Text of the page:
British Values at Woods Loke
British values play an important role in our school and are promoted in much of what we do at Woods Loke, not least during our school assemblies and Religious Education sessions. They are integral to our vision for the school, which complements British values, and are included within our school curriculum.
As well as actively promoting British values, the opposite also applies: we would actively challenge pupils, staff or parents expressing opinions contrary to fundamental British values, including ‘extremist’ views.
‘British values’ encompass a collection of rights integral to so many countries throughout the world. They encompass:
The rule of law
Tolerance of those of different faiths and beliefs
The government and Ofsted set out expectations which complement our aims and ethos.
Prevent Strategy & British Values:
What is the Prevent strategy?
Prevent is a government strategy designed to stop people becoming terrorists or supporting terrorist or extremist causes.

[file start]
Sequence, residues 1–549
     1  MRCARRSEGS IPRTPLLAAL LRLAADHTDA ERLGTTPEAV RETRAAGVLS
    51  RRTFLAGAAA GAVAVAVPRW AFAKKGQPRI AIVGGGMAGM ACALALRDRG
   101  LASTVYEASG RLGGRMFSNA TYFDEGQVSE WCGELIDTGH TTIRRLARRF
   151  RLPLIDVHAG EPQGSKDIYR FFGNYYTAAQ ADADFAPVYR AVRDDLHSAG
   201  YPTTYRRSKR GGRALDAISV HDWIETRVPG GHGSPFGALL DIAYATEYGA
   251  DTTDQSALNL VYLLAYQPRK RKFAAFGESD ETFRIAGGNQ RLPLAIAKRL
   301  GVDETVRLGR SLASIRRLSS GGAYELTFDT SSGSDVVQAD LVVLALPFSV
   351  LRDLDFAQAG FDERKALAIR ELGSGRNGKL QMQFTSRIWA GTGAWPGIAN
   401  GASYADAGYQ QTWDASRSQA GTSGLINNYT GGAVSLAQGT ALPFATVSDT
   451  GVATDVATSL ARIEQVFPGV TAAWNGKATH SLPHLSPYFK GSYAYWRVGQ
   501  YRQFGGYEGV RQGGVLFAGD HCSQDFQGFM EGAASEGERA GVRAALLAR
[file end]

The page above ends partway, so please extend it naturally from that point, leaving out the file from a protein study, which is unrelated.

The Prevent strategy covers all types of terrorism and extremism, including the extreme right wing, religious extremists and other causes.
How does the Prevent strategy apply to schools?
From July 2015, all schools (as well as other organisations) have a duty to safeguard children from radicalisation and extremism.
At Woods Loke Primary School, we take our responsibility to protect children from extremist and violent views very seriously. Importantly, we can provide a safe place for pupils to discuss these issues so they better understand how to protect themselves.
What does this mean in practice?
Many of the things we already do at Trinity to help children become positive, happy members of society also contribute to the Prevent strategy.
· Exploring other cultures and religions and promoting diversity
· Challenging prejudices and racism
· Developing critical thinking skills and a strong, positive self-identity
· Promoting the spiritual, moral, social and cultural development of pupils, as well as British values
We will also protect children from the risk of radicalisation, for example by using filters on the internet to make sure they can’t access extremist and terrorist material, or by vetting visitors who come into school to work with pupils.
Different schools will carry out the Prevent duty in different ways, depending on the age of the children and the needs of the community.